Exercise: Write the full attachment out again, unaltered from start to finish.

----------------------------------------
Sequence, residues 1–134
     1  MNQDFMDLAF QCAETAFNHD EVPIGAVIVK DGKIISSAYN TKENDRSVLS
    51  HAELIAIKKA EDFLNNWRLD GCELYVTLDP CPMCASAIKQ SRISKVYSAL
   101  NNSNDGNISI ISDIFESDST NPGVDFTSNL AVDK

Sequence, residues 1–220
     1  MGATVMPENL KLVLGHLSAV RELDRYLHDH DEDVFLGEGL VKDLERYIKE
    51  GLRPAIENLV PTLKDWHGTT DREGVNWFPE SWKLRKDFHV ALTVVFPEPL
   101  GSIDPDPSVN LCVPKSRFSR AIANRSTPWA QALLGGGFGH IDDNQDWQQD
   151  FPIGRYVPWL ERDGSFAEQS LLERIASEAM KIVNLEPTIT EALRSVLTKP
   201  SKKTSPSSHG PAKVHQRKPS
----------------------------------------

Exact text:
Sequence, residues 1–134
     1  MNQDFMDLAF QCAETAFNHD EVPIGAVIVK DGKIISSAYN TKENDRSVLS
    51  HAELIAIKKA EDFLNNWRLD GCELYVTLDP CPMCASAIKQ SRISKVYSAL
   101  NNSNDGNISI ISDIFESDST NPGVDFTSNL AVDK

Sequence, residues 1–220
     1  MGATVMPENL KLVLGHLSAV RELDRYLHDH DEDVFLGEGL VKDLERYIKE
    51  GLRPAIENLV PTLKDWHGTT DREGVNWFPE SWKLRKDFHV ALTVVFPEPL
   101  GSIDPDPSVN LCVPKSRFSR AIANRSTPWA QALLGGGFGH IDDNQDWQQD
   151  FPIGRYVPWL ERDGSFAEQS LLERIASEAM KIVNLEPTIT EALRSVLTKP
   201  SKKTSPSSHG PAKVHQRKPS